Differential Manifolds

  • Sylvestre Gallot
  • Dominique Hulin
  • Jacques Lafontaine
Part of the Universitext book series (UTX)


“ The general notion of manifold is quite difficult to define precisely. A surface gives the idea of a two-dimensional manifold. If we take for instance a sphere, or a torus, we can decompose this surface into a finite number of parts such that each of them can be bijectively mapped into a simply-connected region of the Euclidean plane.” This is the beginning of the third chapter of “ Leç ons sur la Gé omé trie des espaces de Riemann” by Elie Cartan (1928), that we strongly recommend to those who can read French. In fact, Cartan explains very neatly that these parts are what we call “open sets”. He explains also that if the domains of definition of two such maps (which are now called charts) overlap, one of them is gotten from the other by composition with a smooth map of the Euclidean space. This is just the formal definition of a differential (or smooth) manifold that we give in 1.A, and illustrate by the examples of the sphere, the torus, and also the projective spaces.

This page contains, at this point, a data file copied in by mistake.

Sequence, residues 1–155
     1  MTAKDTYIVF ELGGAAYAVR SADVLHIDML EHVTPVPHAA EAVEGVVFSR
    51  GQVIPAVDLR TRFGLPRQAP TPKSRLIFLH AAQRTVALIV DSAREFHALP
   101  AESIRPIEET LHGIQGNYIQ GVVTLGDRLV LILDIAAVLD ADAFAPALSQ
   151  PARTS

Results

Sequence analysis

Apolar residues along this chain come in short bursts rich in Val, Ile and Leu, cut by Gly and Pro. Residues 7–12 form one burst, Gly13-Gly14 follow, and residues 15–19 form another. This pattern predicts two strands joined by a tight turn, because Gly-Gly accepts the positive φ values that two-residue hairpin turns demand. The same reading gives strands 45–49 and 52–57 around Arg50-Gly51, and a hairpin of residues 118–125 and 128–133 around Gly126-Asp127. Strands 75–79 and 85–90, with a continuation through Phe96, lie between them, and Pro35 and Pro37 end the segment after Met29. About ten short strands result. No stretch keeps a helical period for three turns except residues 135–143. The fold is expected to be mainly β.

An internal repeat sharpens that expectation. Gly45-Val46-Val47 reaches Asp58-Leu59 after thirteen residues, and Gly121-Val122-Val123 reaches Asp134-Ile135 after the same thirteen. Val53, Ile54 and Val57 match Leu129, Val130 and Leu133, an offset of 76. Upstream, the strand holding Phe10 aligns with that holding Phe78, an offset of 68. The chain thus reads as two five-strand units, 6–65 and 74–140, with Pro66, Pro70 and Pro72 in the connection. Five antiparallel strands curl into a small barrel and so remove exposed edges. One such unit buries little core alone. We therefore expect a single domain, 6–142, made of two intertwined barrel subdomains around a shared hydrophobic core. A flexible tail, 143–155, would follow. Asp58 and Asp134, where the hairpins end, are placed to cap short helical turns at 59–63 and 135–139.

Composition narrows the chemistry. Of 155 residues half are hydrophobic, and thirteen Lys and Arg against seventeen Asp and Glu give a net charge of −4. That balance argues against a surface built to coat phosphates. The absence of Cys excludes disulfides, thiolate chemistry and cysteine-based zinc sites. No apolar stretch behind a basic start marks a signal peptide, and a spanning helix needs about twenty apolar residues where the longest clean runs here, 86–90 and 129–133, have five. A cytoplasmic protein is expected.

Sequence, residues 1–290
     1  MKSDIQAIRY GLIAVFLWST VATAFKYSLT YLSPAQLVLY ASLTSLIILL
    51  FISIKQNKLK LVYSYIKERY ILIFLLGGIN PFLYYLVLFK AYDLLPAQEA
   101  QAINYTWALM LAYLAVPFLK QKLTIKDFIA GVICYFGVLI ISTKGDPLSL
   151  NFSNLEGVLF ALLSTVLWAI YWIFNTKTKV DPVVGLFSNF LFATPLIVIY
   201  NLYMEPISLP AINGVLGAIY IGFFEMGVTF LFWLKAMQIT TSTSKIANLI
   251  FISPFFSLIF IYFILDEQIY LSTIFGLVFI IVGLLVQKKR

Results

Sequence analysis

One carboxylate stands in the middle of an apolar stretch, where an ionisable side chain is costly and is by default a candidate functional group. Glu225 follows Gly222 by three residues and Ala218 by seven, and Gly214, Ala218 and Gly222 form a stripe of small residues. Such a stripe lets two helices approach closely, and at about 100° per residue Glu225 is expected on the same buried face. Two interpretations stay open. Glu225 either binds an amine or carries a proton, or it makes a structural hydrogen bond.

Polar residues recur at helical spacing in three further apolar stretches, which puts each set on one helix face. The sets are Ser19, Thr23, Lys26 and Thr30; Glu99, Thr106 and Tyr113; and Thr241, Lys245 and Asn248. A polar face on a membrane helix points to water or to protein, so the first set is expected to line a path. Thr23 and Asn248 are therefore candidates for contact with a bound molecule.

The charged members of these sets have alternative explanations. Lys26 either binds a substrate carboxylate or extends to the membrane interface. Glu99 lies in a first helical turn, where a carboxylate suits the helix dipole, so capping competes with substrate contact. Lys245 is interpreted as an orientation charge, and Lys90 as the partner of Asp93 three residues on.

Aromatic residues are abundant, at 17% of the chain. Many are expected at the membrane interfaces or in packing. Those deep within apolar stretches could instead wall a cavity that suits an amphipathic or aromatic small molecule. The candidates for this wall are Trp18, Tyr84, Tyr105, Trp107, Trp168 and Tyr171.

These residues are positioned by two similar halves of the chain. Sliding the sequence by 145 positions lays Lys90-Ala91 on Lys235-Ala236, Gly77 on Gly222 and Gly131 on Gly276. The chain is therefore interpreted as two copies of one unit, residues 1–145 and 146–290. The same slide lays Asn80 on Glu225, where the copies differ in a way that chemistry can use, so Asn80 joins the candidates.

Vector Bundle Tangent Vector Tangent Bundle Local Operator Volume Form 
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Copyright information

© Springer-Verlag Berlin Heidelberg 2004

Authors and Affiliations

  • Sylvestre Gallot
    • 1
  • Dominique Hulin
    • 2
  • Jacques Lafontaine
    • 3
  1. 1.Institut Fourier, C.N.R.S., UMR 5582Université Grenoble 1Saint-Martin d’HèresFrance
  2. 2.Département de MathématiquesUniversité Paris XIOrsay CXFrance
  3. 3.Département de Mathématiques, C.N.R.S., UMR 5149Université Montpellier IIMontpellier CX 05France

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